5 Common Food Cravings, And What They Mean

When you have a hankering for a particular food or kind of food, do you ever wonder why? Here are 5 common food cravings, and what they could mean.

1.Sweets

If you often crave sweets, you may be experiencing blood sugar fluctuations. The irony? Eating sugary, processed foods causes a spike in insulin production, and when that spike takes a dip, you’re left craving…you guessed it: more sugar. While an overgrowth of candida yeast may be contributing to your big sweet tooth, it’s most probable that your body is in need of real, nutritious, satisfying food. Try choosing a piece of high-fiber fruit, or another high-fiber, high-protein snack that is low-glycemic. Over time, this new pattern will become a habit and second-nature, although at first it is usually difficult and emotionally painful. 🙂

2. Chocolate

Chocolate cravings are often an indication of magnesium deficiency, a mineral deficiency that affects an estimate of over 80% of the population. Try incorporating more naturally magnesium-rich foods like dark leafy greens, nuts and seeds, fish (wild salmon, halibut, tuna, mackerel), avocados, bananas, and dark chocolate (at least 75% cacao).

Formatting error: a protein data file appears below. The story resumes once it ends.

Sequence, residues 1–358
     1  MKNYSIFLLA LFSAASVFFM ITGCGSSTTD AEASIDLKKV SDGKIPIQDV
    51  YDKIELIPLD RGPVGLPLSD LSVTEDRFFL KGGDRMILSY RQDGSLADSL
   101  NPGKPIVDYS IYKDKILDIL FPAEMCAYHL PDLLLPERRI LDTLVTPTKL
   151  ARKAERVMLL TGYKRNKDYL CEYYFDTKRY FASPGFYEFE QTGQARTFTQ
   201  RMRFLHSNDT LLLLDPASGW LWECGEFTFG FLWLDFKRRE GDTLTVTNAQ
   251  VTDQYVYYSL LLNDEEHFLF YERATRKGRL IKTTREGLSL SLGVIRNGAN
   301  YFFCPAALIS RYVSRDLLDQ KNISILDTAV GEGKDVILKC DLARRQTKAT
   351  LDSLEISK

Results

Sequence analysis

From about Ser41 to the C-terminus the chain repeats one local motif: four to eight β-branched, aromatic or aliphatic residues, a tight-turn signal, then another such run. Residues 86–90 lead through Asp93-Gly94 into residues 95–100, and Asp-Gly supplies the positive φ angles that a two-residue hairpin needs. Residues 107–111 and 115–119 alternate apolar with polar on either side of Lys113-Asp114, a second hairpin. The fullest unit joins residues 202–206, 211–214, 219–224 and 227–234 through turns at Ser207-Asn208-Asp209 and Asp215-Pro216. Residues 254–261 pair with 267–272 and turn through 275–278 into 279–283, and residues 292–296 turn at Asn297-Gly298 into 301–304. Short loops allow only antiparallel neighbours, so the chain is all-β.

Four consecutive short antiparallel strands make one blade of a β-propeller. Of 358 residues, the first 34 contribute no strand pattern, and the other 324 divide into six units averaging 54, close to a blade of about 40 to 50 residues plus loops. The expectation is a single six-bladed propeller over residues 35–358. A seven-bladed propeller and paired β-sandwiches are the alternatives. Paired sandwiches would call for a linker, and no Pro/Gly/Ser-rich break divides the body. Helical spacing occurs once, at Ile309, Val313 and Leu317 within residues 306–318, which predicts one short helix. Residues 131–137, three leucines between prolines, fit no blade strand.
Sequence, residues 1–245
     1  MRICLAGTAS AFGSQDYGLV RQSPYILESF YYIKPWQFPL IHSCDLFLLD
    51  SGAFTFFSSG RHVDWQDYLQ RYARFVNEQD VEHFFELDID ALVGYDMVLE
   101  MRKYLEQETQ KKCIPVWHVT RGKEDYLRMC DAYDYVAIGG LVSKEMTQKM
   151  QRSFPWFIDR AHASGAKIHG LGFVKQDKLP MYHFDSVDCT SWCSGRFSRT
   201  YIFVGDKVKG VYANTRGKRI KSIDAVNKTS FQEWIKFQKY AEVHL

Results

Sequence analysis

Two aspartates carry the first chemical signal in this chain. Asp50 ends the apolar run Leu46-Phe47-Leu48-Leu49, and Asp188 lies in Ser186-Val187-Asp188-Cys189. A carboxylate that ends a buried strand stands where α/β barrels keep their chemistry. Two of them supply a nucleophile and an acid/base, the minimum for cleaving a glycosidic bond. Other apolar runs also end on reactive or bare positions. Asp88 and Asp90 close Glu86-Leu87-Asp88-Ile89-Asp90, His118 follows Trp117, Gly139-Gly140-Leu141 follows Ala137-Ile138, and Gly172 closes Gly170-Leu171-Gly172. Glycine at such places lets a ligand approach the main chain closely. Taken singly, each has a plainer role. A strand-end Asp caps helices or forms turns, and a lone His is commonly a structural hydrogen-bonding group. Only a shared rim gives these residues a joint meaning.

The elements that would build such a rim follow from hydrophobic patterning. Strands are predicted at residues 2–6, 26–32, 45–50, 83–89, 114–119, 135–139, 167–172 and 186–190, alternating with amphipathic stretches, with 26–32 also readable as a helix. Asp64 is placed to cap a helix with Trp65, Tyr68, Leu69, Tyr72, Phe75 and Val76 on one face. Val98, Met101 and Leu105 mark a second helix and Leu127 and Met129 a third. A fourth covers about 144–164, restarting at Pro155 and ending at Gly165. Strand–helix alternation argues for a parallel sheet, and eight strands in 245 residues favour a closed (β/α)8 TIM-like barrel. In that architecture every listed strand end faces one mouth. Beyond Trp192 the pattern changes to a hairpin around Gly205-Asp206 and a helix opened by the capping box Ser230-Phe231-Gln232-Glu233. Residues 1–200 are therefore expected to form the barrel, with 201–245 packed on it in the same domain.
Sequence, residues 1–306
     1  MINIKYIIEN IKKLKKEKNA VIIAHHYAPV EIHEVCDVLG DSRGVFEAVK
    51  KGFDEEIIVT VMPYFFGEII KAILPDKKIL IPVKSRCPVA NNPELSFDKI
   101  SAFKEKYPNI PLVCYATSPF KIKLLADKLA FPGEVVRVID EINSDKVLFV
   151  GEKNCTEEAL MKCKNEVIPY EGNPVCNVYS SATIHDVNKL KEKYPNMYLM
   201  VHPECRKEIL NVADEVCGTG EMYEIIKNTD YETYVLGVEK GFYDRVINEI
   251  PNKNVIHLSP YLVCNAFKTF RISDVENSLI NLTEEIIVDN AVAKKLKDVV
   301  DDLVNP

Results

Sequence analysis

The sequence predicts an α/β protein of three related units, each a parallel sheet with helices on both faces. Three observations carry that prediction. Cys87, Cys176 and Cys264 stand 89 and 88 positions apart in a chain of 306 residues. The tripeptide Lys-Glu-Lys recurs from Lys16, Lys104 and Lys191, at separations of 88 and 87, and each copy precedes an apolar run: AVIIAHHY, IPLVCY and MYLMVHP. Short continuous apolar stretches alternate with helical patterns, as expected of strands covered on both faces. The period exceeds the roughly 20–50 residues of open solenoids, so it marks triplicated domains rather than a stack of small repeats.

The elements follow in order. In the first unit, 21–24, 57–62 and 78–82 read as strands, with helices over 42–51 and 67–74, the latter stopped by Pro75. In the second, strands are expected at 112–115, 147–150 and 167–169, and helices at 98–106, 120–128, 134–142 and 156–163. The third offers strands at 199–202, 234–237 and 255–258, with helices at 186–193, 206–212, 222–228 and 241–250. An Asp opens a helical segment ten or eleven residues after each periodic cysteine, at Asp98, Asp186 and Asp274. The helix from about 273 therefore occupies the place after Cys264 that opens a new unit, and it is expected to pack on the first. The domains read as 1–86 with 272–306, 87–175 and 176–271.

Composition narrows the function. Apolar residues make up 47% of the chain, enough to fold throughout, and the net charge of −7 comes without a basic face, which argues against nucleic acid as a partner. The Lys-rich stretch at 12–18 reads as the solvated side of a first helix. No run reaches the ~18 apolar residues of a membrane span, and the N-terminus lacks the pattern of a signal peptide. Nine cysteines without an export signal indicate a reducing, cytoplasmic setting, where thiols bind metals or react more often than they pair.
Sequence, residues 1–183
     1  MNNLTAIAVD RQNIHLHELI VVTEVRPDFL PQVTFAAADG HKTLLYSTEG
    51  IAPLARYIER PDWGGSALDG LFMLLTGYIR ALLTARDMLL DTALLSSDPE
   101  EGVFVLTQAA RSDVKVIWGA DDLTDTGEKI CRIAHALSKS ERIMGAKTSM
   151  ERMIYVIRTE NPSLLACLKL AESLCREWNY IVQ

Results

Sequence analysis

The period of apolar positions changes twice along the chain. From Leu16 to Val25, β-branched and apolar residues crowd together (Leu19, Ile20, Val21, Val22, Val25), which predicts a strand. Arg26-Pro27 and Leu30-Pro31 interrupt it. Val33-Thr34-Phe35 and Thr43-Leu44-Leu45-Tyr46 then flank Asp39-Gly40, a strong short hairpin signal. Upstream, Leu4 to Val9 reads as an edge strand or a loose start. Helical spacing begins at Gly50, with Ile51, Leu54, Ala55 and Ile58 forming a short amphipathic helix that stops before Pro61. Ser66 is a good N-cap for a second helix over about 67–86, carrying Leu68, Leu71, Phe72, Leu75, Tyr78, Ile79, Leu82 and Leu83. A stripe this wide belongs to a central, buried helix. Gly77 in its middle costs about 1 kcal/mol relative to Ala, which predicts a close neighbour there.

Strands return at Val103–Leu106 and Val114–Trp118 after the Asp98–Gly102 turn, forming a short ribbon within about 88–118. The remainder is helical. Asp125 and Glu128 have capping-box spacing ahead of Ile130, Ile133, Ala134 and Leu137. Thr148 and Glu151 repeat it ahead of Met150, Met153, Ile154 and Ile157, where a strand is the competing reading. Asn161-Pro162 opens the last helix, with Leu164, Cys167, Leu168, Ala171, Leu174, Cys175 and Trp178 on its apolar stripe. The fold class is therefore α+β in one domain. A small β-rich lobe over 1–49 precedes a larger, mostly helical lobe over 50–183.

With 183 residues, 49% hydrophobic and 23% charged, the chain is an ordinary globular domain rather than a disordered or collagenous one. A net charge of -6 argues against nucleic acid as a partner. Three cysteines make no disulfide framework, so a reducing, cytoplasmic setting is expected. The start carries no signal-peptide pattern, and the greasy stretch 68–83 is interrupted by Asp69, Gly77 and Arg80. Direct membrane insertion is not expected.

3. Salty Foods

Cravings for salty foods often point to stress taking a toll on the adrenal glands, which give us energy and help us cope with stress. If you’re overly stressed, your adrenal glands release cortisol, making you ravenous for high-fat, salty, and often processed foods your body can use quickly. Try choosing an alternative snack like nuts or seeds, veggies with hummus or spinach/artichoke dip; or stress-reducing activities like meditation or breathing exercises.

4. Red Meat

This certainly isn’t any surprise, but cravings for read meat are usually an indication of iron deficiency, particularly in women who are pregnant, nursing, or on their periods. Try eating good quality red meat, beans and legumes, prunes, and figs.

5. Cheese

Craving that cheese pizza or mac n’ cheese? Mmmhmm. This craving often indicates a fatty acid and/or calcium deficiency. The body needs omega-3 fatty acids to reduce inflammation and protect against diseases such as heart disease, arthritis, and cancer. Try eating good quality cheese (that’s not on a pizza or noodles;), unflavored yogurt, raw walnuts, wild salmon, flaxseeds, and krill oil.

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